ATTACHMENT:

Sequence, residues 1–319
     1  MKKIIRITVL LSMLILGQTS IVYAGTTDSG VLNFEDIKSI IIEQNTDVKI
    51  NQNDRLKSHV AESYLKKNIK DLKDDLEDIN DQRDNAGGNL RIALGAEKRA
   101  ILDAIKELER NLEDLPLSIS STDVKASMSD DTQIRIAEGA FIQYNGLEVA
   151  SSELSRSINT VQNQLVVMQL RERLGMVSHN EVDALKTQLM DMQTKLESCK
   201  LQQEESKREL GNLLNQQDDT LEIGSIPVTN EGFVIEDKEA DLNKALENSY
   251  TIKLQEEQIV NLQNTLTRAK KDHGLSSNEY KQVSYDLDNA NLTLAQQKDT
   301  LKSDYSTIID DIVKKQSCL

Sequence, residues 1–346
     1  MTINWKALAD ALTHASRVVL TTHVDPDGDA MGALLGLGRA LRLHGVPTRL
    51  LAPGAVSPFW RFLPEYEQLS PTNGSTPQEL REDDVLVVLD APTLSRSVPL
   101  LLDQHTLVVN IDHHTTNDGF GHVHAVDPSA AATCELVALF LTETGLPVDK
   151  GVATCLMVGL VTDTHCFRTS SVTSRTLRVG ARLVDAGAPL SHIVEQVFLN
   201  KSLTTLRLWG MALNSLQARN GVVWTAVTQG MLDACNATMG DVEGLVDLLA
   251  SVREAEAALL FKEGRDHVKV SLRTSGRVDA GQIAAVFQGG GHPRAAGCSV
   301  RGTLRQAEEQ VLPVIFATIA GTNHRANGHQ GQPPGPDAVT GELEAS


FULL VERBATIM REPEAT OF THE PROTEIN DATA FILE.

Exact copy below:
Sequence, residues 1–319
     1  MKKIIRITVL LSMLILGQTS IVYAGTTDSG VLNFEDIKSI IIEQNTDVKI
    51  NQNDRLKSHV AESYLKKNIK DLKDDLEDIN DQRDNAGGNL RIALGAEKRA
   101  ILDAIKELER NLEDLPLSIS STDVKASMSD DTQIRIAEGA FIQYNGLEVA
   151  SSELSRSINT VQNQLVVMQL RERLGMVSHN EVDALKTQLM DMQTKLESCK
   201  LQQEESKREL GNLLNQQDDT LEIGSIPVTN EGFVIEDKEA DLNKALENSY
   251  TIKLQEEQIV NLQNTLTRAK KDHGLSSNEY KQVSYDLDNA NLTLAQQKDT
   301  LKSDYSTIID DIVKKQSCL

Sequence, residues 1–346
     1  MTINWKALAD ALTHASRVVL TTHVDPDGDA MGALLGLGRA LRLHGVPTRL
    51  LAPGAVSPFW RFLPEYEQLS PTNGSTPQEL REDDVLVVLD APTLSRSVPL
   101  LLDQHTLVVN IDHHTTNDGF GHVHAVDPSA AATCELVALF LTETGLPVDK
   151  GVATCLMVGL VTDTHCFRTS SVTSRTLRVG ARLVDAGAPL SHIVEQVFLN
   201  KSLTTLRLWG MALNSLQARN GVVWTAVTQG MLDACNATMG DVEGLVDLLA
   251  SVREAEAALL FKEGRDHVKV SLRTSGRVDA GQIAAVFQGG GHPRAAGCSV
   301  RGTLRQAEEQ VLPVIFATIA GTNHRANGHQ GQPPGPDAVT GELEAS